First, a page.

And I hope that for Ziggy, memories of the little things, like playing Super Mario with Daddy, will help get him through the breakups, the disappointments, and the nights where the room just won’t stop spinning.

It was around 8 p.m. that Sarah and I realized that we didn’t have anything for dinner, so I switched off Far Cry 4 and headed to Shoprite with her, but not before snapping this photo of a villager hanging out somewhere in Kyrat. Despite living in a world where she could be eaten by dogs or accidently blown up by a player with a poor grasp of the game’s controls, she couldn’t care less. It was a nice day and she was out for a walk. Anything that might come her way, she would just deal with it.


Whatever comes our way with our son, we’ll just deal with it. And we’ll give him the tools to grow up strong so he can deal with it too.

We just have to get him out first. 

Friday, April 1, 2016

‘PlayStation Home’-less: A Brief Reflection, One Year Later

Today marks a year since Sony pulled the plug on PlayStation Home, a bizarre social experiment/virtual world that all PlayStation 3 owners were invited to explore. 

Well, technically it was shut down on March 31, 2015. But in some time zones, like mine, it bled into the early morning of April 1.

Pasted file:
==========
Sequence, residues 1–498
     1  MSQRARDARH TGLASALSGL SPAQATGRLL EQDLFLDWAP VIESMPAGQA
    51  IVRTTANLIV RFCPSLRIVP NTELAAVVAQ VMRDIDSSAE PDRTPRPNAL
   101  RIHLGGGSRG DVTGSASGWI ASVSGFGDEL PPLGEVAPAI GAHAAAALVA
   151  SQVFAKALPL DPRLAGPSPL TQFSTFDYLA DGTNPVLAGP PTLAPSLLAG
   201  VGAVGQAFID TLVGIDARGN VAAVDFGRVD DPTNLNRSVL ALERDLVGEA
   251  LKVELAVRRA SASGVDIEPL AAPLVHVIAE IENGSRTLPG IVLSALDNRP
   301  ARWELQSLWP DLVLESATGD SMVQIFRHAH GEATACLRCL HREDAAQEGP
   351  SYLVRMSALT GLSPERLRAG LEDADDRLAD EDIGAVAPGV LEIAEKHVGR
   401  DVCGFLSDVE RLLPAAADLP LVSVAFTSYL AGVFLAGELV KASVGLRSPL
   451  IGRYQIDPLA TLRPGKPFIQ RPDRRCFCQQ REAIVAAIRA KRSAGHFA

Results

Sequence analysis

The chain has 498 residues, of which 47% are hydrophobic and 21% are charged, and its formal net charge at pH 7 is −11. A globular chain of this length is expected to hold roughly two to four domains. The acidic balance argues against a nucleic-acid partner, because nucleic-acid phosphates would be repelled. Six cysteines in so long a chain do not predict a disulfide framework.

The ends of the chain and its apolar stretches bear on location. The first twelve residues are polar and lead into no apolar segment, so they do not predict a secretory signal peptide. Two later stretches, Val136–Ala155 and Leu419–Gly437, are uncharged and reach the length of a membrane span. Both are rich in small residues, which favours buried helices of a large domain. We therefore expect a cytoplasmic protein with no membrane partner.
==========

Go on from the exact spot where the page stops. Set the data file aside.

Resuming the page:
I guess March 31 is a popular date to kill antiquated PlayStation games: Square Enix finally shut down the PS2 version of Final Fantasy XI yesterday, March 31, 2016.

Anyway, Home was deemed pointless by most players during its seven years of operation, yet it was inexplicably enjoyed by millions, maybe even tens, of players.

I’ve written about Home extensively in the past, chronicling the heyday and the final days, hours, and moments of the doomed MMO, so I’m not going to beat a dead horse. But I will say that the sadness over Home’s closure eventually gave way to acceptance, and then finally, a pleasant kind of nostalgia. Dreading something is almost worse than it happening. And when it finally does happen, the healing process can begin. That’s one last lesson PlayStation Home had left to give me, I suppose.

I’m reminded of a line from the 1968 Disney flick, Herbie the Love Bug: “A wise man once said, ‘When you come to [the] last page, close the book.’”

It’s time to close the book again on the weird, wonderful world of PlayStation Home. But in the name of nostalgia, here’s one last picture. Taken in the summer of 2010, it’s how I choose to remember Home. That’s part of the healing process too, I suppose: remembering the past not as it was all the time, but how it was during the good times. 

And sometimes, you just gotta move on.